November 26, 2020

Italian police swoop on mafia racket extorting €50 a coffin from funeral homes

https://www.theguardian.com/world/2020/nov/16/italian-police-swoop-on-mafia-racket-extorting-50-a-coffin-from-funeral-homes

An emerging mafia that ran a protection racket extorting €50 (£45) a coffin from funeral homes has been raided by hundreds of police in one of the largest ever such busts in the southern Italian region of Puglia.

Dawn raids centred on the city of Foggia led to the arrest of some 40 alleged members of a criminal organisation described by Italian authorities as the country’s “number one public enemy”.

Investigators have long recognised the threat from the four established mafia groupings – Cosa Nostra in Sicily, the ’Ndrangheta in Calabria, the Camorra in Naples and the Sacra Corona Unita in Puglia – but have become increasingly concerned by the strength of the Foggia organisation, which some have called the “fifth mafia”.

The suspects, including the clan leaders Federico Trisciuoglio and Pasquale Moretti, were variously held on suspicion of belonging to a mafia organisation, usury and extortion against entrepreneurs and shopkeepers, including funeral homes.

Ludovico Vaccaro, head prosecutor of Foggia.
The Foggia mafia has used the coronavirus pandemic to take advantage of local businesses in financial difficulties, said Ludovico Vaccaro, head prosecutor of Foggia. Photograph: Alessio Mamo/The Guardian

According to prosecutors, the Foggia clans required funeral homes to pay a sum of €50 for each body. “The mafia even managed to bribe an employee of the local administration who provided them every day with a list of people who died in the city,” Ludovico Vaccaro, head prosecutor of Foggia, told the Guardian.

Vaccaro said that usury activities by the clans had become increasingly insistent in recent months, with the bosses taking “advantage of the difficulty entrepreneurs are finding themselves in during this pandemic”. Mobsters offered them loans with interest rates of over 400%.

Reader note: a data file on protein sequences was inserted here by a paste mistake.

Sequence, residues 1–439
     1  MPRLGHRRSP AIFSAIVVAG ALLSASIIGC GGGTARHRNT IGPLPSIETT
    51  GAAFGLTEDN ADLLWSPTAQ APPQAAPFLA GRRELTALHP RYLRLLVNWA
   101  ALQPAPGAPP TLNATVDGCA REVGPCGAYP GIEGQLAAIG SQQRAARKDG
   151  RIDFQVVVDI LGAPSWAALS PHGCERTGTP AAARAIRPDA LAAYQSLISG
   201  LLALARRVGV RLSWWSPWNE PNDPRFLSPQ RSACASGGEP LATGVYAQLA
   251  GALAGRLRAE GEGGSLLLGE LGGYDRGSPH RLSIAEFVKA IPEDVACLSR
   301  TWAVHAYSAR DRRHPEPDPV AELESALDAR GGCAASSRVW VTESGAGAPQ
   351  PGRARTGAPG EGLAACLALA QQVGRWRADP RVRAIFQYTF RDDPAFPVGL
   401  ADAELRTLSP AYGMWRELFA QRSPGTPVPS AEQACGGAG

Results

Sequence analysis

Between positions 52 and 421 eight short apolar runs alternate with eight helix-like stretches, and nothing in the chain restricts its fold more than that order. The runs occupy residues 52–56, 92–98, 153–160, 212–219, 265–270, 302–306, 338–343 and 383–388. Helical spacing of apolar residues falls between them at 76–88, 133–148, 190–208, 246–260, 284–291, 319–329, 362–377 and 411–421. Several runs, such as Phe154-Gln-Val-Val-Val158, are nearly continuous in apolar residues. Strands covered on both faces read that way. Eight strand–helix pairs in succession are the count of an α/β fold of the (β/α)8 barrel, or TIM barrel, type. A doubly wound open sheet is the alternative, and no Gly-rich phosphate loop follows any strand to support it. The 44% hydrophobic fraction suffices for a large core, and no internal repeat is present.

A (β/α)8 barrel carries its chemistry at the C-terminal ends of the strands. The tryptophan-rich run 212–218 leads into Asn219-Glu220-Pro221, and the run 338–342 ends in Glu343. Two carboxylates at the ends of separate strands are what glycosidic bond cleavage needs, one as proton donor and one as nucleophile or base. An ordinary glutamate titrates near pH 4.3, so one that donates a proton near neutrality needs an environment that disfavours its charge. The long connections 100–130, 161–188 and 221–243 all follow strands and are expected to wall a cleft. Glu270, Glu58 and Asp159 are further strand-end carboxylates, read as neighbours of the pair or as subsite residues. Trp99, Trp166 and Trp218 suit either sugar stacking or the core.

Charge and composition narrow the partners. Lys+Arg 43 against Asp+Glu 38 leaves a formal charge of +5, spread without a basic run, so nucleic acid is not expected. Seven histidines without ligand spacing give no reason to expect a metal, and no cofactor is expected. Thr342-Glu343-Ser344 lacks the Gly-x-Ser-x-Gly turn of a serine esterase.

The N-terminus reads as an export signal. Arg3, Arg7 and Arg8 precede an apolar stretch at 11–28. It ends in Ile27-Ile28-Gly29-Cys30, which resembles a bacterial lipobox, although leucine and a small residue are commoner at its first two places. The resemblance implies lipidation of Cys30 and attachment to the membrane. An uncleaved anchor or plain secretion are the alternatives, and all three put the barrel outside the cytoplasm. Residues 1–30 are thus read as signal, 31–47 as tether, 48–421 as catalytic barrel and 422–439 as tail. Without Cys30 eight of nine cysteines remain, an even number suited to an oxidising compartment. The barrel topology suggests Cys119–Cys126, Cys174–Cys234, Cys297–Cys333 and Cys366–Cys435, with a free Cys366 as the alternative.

“The Foggia mafia has become the number one public enemy of the state,” said the national anti-mafia prosecutor, Federico Cafiero De Raho. “But the state’s response against these bosses is getting stronger.”

aerial view of Foggia city
The mafia in Foggia, southern Italy is the state’s number one public enemy, according to a top prosecutor. Photograph: Alessio Mamo/The Guardian

A series of car bombings in Foggia in February prompted the interior ministry to send a team of anti-mafia investigators to Puglia.

“The Foggia mafia is relatively young,” Vaccaro told the Guardian earlier this year. “The clans that make up this organisation have been embedded in this territory for at least 30 years. We cannot compare them to the historical Italian mafia groups like Cosa Nostra and ’Ndrangheta, but it is a mafia characterised by a high degree of aggression and violence. It is what I call a primitive mafia – one that feeds cadavers to pigs, so as not to leave a trace.”

The mafia in Foggia province emerged in the late 1970s, when the head of the Neapolitan mafia Raffaele Cutolo met a delegation of local criminals in Puglia with the goal of “hiring” them into his organisation and extending his influence into the contraband trade in cigarettes in the Balkans.

Today, at least three criminal sub-groups operate in the area around Foggia. Besides the Società Foggiana, which profits from extortion and drug-dealing, there is the Cerignola clan, known for its armoured car heists and cocaine smuggling, and another group active around Gargano, on the spur of Italy’s “boot”, where 80% of killings go unsolved and whose bosses are believed to have killed 360 people.

“Today’s operation is important because it finally allows us to send a message to the entrepreneurs who are being oppressed by these mobsters,” said Vaccaro. “This operation must give them the courage to rebel and collaborate with the authorities. Only like this can we finally get rid of a mafia that is impoverishing our territory.”